But God hasn’t finished yet with Ahab and Jezebel. He sends Elijah to confront Ahab at Nabal’s vineyard, where Ahab has gone to take possession.

If we look beyond the rather dramatic wording (which is typical of what we might call “apocalyptic language” designed to express the seriousness of God’s anger and disgust at Ahab and Jezebel’s behaviour), Elijah is effectively signaling the end of Ahab and Jezebel’s rule over Israel. God is rejecting Ahab and his descendants from ruling over Israel, and will appoint another in his stead, just as he rejected Saul and appointed David to be King in his place.

But there is an interesting twist in the tail. Jezebel will meet a gory end exactly as Elijah predicts, but as for Ahab,

When Ahab heard these words, he tore his clothes, put on sackcloth and fasted. He lay in sackcloth and went around meekly.
Then the word of the LORD came to Elijah the Tishbite:”Have you noticed how Ahab has humbled himself before me? Because he has humbled himself, I will not bring this disaster in his day, but I will bring it on his house in the days of his son.”
1 Kings 21:27-29

Perhaps Ahab does have a conscience after all! He shows every sign of genuine repentance over his behaviour, and God accepts the humility and sincerity of his fasting. God’s punishment is postponed. Ahab was killed in battle not long after these events, but at least his death is more honourable than that of his disgraced wife Jezebel.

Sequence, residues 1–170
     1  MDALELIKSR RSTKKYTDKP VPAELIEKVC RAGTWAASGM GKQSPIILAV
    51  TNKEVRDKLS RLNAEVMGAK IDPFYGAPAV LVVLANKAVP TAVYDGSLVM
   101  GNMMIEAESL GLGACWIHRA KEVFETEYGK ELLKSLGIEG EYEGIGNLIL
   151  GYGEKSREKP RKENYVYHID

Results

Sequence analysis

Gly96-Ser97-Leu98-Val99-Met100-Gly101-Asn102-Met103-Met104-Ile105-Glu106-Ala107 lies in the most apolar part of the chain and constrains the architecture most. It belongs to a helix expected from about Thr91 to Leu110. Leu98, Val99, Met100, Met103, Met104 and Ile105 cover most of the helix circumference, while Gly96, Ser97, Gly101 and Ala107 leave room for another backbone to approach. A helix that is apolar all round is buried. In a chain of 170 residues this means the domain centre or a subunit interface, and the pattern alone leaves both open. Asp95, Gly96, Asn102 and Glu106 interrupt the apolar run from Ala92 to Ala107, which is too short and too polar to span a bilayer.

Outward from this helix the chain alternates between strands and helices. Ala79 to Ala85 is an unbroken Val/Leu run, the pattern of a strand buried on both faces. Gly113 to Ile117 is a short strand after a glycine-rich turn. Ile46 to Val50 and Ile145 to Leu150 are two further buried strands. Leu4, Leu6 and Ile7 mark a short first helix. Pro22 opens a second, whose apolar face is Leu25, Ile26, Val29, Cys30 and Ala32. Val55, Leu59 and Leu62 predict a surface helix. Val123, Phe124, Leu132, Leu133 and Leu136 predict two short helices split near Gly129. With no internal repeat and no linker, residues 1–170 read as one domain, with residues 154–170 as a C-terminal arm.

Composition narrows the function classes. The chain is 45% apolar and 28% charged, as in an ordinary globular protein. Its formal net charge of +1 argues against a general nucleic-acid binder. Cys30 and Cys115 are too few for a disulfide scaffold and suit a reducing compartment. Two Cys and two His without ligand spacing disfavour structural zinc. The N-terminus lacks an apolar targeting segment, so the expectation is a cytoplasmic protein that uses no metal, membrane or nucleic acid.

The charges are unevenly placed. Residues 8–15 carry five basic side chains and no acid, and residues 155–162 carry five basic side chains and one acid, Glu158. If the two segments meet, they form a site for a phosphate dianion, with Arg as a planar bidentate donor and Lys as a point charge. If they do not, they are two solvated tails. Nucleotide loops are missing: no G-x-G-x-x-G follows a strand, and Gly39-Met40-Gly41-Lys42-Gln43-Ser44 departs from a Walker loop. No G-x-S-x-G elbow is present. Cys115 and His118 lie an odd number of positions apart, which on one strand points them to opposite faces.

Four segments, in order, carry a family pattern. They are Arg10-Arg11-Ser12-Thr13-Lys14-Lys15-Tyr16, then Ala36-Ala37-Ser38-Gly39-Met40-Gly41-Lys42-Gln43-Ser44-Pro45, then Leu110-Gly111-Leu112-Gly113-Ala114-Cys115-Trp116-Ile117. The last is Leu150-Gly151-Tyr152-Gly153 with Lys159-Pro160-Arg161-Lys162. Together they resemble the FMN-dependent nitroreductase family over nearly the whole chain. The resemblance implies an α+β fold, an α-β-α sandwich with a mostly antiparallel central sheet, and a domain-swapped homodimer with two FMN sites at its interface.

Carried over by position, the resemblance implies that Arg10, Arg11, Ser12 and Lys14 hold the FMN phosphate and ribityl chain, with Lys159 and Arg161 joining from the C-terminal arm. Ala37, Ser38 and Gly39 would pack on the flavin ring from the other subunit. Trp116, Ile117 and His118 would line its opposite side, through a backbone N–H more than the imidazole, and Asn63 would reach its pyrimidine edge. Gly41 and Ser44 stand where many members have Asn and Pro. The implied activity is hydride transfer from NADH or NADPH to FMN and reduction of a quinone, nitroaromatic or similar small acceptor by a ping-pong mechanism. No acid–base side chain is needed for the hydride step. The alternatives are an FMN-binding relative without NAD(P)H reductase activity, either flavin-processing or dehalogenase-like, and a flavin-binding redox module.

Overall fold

And all of this began with King Ahab wanting a suitable place to plant a vegetable garden!



The Psalmist confesses (Psalm 73:16-17):

So I tried to understand why the wicked prosper.
But what a difficult task it is!
Then I went into your sanctuary, O God,
and I finally understood the destiny of the wicked.

  • How can seeing things from God’s long-term perspective help us to find an answer?

Ahab’s personal punishment was postponed because of his repentance, but his dynasty was replaced just as God predicted, and Elijah was told to anoint Jehu as king instead.

  • What does this show us about God’s character and the nature of his judgements?
  • Even though Ahab’s personal repentance was accepted by God, his sin still had long-term consequences for his descendants and for Israel as a nation. How did God eventually respond to Israel’s continued immorality and idolatry?
  • What can we learn from prophets like Elijah and Elisha who stood out against the inevitable downward slide?



Psalm 5 effectively answers many of the questions that have arisen from our discussions.

The Psalmist is confident of God’s righteous character, of his hatred of sin, deceit and pride. He knows that God will deal with the wicked and judge them in due time. But as for him, he resolves to enter the house of the Lord, to seek his guidance and help, and to continue faithfully worshipping and following the path of righteousness that God has set before him.

Let’s resolve to follow the Psalmist’s example.

Psalm 5:1-8

For the director of music. For flutes. A psalm of David.

Give ear to my words, O LORD, consider my sighing.
Listen to my cry for help, my King and my God, for to you I pray.
In the morning, O LORD, you hear my voice;
in the morning I lay my requests before you and wait in expectation.

You are not a God who takes pleasure in evil;
with you the wicked cannot dwell.
The arrogant cannot stand in your presence;
you hate all who do wrong.
You destroy those who tell lies;
bloodthirsty and deceitful men the LORD abhors.

But I, by your great mercy, will come into your house;
in reverence will I bow down toward your holy temple.
Lead me, O LORD, in your righteousness because of my enemies—
make straight your way before me.